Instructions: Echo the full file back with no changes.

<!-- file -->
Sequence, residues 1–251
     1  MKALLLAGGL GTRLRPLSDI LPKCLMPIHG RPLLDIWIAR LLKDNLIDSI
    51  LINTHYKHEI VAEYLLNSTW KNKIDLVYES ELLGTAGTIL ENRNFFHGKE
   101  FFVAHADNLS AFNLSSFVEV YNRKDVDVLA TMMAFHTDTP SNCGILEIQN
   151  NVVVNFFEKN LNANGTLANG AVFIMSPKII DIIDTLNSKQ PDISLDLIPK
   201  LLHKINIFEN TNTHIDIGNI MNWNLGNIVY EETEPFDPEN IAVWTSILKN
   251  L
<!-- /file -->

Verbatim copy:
Sequence, residues 1–251
     1  MKALLLAGGL GTRLRPLSDI LPKCLMPIHG RPLLDIWIAR LLKDNLIDSI
    51  LINTHYKHEI VAEYLLNSTW KNKIDLVYES ELLGTAGTIL ENRNFFHGKE
   101  FFVAHADNLS AFNLSSFVEV YNRKDVDVLA TMMAFHTDTP SNCGILEIQN
   151  NVVVNFFEKN LNANGTLANG AVFIMSPKII DIIDTLNSKQ PDISLDLIPK
   201  LLHKINIFEN TNTHIDIGNI MNWNLGNIVY EETEPFDPEN IAVWTSILKN
   251  L